The 2023 Acura Integra Type S: CTR Imposter or Something More?
the answer to that will depend on who you ask...
When Acura first announced that they’d be producing a Type S version of their newly reimagined Integra model, it was hard to picture exactly what that might’ve looked like.
Honda and Acura enthusiasts know what the Type S badge stands for, and while fanfare was certainly generated from this, there were plenty of groans around the world when it became clear that the Integra Type R wouldn’t be returning.
At least, not yet. Although it looks like the overseeing marketing department has decided to reserve ‘R’ for Honda and ‘S’ for Acura, so it seems like the aforementioned is highly likely to remain the case.
The Winning Formula
Nevertheless, it was certain that the new Acura Integra Type S would top the model range as the highest performing and most expensive version.
It was, however, always going to be a question of whether the new ITS would turn out to be a performance version of the base Integra, which has not been particularly well received—or a luxury version of the Honda Civic Type R, which tops many pundits’ car of the year lists.
To almost everyone’s relief, I would say, it turned out to be the latter. At each extreme, both conceptualizations of the car are distinctly different and I’m sure the target demographics for both the ITS and CTR have almost complete overlap. Imposter syndrome is a good thing in this case.
When Badge Engineering Goes Well
If we’re being honest here, Honda—or Acura, depending on which angle you’re looking at it from—has been at the top of the “badge engineering” game for a while. Often frustratingly, and almost to disingenuous lengths at times, it has to be said.
See: Honda Civic/Acura CSX, Honda Accord/Acura TSX, Honda Pilot/Acura MDX. The list goes on.
But if there was a Honda car any enthusiast who would be a-ok with slapping an “A” badge on and calling it a day—after sprinkling on the quintessential luxury fixtures, of course—it would be the new Honda Civic Type R.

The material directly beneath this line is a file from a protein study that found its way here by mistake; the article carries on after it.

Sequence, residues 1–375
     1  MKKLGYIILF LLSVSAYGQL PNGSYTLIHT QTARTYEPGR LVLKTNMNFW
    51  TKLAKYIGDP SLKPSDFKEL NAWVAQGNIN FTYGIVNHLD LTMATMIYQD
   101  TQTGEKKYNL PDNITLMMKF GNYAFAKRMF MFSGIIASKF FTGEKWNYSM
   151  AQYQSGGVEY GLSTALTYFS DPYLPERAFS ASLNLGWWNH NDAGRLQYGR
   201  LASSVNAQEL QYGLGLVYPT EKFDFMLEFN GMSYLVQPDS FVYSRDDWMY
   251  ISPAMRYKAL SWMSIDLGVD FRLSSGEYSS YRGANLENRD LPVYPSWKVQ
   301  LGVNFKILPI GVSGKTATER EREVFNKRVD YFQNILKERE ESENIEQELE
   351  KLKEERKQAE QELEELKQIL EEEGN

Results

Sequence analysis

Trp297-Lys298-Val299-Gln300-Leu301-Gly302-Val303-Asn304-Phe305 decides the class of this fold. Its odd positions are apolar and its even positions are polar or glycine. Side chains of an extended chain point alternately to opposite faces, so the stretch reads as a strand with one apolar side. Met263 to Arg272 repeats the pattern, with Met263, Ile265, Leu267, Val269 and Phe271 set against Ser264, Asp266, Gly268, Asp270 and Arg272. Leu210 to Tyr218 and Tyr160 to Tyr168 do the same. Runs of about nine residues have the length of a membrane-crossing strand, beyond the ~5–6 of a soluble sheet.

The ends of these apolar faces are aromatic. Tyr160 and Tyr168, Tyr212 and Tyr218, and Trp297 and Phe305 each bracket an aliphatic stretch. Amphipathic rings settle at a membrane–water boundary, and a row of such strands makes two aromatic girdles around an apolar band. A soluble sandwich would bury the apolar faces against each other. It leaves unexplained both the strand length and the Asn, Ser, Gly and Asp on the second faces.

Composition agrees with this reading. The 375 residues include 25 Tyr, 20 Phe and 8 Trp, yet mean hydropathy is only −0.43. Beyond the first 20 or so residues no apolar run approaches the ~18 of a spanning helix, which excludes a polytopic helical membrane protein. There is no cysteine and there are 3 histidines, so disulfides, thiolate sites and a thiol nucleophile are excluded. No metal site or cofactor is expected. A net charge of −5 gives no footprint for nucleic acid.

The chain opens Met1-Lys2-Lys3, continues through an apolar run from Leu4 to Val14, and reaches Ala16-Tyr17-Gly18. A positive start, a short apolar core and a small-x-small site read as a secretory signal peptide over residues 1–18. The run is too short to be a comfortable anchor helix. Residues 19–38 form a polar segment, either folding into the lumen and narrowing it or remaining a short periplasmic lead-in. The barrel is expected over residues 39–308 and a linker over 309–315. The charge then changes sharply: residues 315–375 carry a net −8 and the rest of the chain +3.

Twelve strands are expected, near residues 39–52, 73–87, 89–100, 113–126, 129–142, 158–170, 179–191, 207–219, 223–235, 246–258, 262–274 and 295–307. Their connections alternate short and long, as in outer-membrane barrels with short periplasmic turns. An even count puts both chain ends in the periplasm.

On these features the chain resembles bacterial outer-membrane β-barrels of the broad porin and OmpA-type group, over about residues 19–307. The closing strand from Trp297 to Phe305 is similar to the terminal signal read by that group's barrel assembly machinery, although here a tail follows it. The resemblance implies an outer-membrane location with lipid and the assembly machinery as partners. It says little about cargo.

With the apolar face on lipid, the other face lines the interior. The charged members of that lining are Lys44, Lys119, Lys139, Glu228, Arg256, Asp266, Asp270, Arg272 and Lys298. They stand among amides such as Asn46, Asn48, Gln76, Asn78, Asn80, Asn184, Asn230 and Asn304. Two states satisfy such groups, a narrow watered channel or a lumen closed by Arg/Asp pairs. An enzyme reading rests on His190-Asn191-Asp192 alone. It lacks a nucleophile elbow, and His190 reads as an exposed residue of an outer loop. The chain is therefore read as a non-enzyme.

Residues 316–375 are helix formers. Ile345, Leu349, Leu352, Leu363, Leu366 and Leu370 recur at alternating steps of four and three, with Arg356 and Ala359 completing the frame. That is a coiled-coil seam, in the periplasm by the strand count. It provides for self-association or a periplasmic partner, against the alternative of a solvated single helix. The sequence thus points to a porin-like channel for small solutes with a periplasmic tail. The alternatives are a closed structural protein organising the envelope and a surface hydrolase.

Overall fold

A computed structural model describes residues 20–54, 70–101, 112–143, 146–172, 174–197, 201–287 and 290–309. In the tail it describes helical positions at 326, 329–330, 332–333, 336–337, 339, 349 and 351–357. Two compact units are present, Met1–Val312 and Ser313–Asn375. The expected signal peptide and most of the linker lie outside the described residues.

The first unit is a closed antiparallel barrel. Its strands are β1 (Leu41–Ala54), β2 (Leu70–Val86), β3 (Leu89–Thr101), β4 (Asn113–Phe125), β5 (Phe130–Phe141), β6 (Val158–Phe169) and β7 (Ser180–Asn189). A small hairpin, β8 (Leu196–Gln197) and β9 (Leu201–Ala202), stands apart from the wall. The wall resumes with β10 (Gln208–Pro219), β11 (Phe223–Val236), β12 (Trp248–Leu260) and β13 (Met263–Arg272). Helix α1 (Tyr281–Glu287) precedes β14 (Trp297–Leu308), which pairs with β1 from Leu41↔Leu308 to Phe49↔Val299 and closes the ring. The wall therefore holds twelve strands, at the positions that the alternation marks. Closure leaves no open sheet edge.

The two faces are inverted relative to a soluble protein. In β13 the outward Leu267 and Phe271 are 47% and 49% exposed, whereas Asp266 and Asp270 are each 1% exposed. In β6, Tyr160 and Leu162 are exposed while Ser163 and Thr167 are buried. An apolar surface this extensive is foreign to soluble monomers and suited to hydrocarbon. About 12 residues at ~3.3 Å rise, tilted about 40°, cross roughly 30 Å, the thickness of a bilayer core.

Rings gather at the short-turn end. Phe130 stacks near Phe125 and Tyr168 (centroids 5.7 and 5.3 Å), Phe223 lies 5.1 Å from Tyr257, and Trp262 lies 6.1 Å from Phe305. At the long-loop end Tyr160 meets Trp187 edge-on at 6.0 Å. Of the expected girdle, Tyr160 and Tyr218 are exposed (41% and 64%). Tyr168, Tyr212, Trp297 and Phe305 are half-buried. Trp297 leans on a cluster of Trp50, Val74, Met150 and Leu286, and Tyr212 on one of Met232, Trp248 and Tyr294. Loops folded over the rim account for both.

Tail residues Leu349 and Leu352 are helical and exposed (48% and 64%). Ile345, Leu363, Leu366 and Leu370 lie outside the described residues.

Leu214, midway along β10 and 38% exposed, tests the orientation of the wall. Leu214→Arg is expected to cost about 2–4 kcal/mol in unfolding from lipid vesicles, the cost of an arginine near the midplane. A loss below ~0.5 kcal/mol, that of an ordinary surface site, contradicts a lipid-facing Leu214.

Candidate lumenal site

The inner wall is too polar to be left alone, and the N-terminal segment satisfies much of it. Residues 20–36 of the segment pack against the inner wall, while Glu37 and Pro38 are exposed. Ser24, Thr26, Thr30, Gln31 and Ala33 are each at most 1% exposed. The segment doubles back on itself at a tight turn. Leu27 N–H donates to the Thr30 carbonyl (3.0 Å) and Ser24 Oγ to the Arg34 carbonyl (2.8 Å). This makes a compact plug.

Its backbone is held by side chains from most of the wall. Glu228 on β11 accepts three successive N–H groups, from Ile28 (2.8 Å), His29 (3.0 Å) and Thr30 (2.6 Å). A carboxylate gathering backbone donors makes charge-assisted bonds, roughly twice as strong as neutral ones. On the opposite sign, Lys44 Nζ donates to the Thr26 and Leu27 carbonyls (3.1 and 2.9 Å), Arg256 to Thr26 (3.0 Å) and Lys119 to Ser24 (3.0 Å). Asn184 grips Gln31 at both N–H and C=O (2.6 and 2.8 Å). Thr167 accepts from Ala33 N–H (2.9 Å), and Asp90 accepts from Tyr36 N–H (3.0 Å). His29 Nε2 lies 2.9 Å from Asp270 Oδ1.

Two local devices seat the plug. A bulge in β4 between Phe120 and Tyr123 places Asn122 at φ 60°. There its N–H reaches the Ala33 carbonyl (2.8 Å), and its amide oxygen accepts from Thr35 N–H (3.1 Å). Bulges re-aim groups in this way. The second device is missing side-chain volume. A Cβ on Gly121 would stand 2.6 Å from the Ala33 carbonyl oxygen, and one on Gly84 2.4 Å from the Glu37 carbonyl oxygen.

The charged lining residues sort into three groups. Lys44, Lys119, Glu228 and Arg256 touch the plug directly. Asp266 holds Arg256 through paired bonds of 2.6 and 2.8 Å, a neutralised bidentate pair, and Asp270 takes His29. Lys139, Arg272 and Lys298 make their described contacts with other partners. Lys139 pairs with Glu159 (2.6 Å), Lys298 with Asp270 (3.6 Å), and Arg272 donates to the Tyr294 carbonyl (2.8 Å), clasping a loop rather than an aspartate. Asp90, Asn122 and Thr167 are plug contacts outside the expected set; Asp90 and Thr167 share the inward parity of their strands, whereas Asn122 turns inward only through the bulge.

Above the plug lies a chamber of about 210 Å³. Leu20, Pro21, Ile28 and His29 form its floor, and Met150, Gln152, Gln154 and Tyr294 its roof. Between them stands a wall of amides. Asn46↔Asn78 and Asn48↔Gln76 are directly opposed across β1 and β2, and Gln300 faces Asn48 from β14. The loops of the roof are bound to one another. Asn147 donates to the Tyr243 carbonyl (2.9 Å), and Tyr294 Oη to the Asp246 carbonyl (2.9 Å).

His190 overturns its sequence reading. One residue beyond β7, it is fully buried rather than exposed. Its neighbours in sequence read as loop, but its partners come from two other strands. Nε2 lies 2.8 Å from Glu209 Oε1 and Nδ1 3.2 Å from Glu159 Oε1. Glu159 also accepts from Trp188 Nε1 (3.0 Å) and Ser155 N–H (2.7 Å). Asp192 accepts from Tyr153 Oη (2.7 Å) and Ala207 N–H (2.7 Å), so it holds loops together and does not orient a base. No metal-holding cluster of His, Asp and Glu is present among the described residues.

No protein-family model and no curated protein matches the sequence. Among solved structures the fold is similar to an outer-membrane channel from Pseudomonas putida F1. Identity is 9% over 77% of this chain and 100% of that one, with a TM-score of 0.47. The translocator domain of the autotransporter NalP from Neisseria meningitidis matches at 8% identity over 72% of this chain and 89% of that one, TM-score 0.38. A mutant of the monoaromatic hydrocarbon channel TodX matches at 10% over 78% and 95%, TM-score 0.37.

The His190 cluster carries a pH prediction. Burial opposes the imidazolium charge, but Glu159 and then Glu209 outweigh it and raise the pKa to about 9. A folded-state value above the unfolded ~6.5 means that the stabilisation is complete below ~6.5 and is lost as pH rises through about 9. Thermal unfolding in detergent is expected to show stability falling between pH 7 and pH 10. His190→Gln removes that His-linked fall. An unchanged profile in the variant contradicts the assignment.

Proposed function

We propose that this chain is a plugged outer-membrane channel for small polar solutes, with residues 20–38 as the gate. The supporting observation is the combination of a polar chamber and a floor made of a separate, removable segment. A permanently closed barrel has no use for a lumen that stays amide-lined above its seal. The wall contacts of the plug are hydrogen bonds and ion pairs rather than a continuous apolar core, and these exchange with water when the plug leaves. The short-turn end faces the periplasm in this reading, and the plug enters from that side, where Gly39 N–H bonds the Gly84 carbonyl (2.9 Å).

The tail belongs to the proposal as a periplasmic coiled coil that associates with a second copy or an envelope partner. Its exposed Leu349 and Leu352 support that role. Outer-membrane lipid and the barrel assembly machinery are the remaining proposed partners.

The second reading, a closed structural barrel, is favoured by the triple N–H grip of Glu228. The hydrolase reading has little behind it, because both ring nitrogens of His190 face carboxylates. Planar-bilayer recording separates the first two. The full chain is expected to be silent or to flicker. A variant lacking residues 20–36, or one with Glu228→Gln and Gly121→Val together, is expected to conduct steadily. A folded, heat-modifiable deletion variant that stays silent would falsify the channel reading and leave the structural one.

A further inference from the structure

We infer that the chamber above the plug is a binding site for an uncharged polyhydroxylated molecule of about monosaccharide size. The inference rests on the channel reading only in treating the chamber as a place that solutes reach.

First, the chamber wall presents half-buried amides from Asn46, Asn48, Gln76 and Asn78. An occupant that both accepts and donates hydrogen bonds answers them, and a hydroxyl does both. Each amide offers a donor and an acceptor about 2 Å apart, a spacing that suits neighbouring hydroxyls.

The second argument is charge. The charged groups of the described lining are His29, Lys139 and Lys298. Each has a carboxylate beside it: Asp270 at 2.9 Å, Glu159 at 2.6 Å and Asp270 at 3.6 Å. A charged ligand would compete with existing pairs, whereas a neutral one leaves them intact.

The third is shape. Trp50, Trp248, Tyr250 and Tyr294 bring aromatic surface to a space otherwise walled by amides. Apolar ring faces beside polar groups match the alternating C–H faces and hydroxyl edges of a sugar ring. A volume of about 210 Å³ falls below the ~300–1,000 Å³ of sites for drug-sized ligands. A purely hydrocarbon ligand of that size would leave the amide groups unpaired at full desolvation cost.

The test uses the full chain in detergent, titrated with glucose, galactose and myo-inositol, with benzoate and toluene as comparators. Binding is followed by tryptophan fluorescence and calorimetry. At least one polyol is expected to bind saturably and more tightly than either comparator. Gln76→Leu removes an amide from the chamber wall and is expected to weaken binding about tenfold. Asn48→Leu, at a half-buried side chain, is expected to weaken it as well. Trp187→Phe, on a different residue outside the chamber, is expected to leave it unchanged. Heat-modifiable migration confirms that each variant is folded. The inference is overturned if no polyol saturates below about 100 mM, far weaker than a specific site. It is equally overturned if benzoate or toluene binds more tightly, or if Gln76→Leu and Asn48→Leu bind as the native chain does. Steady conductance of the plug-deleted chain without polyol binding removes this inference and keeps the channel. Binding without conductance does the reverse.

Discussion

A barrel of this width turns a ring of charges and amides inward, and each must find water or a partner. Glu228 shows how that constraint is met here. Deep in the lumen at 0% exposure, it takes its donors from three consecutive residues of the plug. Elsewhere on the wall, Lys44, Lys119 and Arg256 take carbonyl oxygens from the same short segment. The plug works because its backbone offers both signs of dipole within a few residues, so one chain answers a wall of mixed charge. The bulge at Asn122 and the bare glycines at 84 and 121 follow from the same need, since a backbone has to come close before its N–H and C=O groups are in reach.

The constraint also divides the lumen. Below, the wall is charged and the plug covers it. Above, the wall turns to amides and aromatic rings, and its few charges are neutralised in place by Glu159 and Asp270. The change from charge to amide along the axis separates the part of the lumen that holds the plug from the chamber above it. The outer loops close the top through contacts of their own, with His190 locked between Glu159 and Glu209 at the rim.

They’ve done just that, but have gone to great lengths to ensure that the ITS is notably distinguishable from the car it’s based on and can also stand on its own merits.
Same Philosophy, Slightly Different Tactics
This “badge engineering” we’ve been speaking of has all been performed in places you wouldn’t be able to see at a cursory glance, and that’s a really good thing. Afterall, it’s the bones of the new Civic Type R which make it such an amazing car, so it would’ve been counterintuitive to make any changes there.
Recent events (captured below) have confirmed just that.
While the Honda will surely be positioned as the overall performance benchmark between the two, there’s no reason that the Acura/Type S derivative would (or will, should they do a ‘ring attempt for it) be too far off those metrics.
Performance & Chassis
It’s the same turbocharged K20C1 engine powering the Acura Integra Type S, though it’s been claimed to produce an extra 5 hp over the CTR. In total, the ITS produces 320 hp, 310 lb-ft of torque and is mated to a slick 6-speed manual transmission.
This is unlikely to be perceptible in any meaningful sense when it comes to driving dynamics and is mostly just good material for salespeople and marketing brochures. If anything, the extra power advantage would be eaten up pretty quickly by the heavier ITS, which also weighs 31 lbs more than its Honda cousin.